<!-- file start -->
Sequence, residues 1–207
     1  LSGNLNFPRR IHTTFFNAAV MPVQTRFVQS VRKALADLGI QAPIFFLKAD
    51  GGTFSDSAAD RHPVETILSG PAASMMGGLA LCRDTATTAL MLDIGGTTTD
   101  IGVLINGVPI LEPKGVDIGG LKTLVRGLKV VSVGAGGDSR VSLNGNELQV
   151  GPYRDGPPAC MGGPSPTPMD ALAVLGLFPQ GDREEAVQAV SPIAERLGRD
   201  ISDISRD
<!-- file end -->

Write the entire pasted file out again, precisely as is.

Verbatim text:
Sequence, residues 1–207
     1  LSGNLNFPRR IHTTFFNAAV MPVQTRFVQS VRKALADLGI QAPIFFLKAD
    51  GGTFSDSAAD RHPVETILSG PAASMMGGLA LCRDTATTAL MLDIGGTTTD
   101  IGVLINGVPI LEPKGVDIGG LKTLVRGLKV VSVGAGGDSR VSLNGNELQV
   151  GPYRDGPPAC MGGPSPTPMD ALAVLGLFPQ GDREEAVQAV SPIAERLGRD
   201  ISDISRD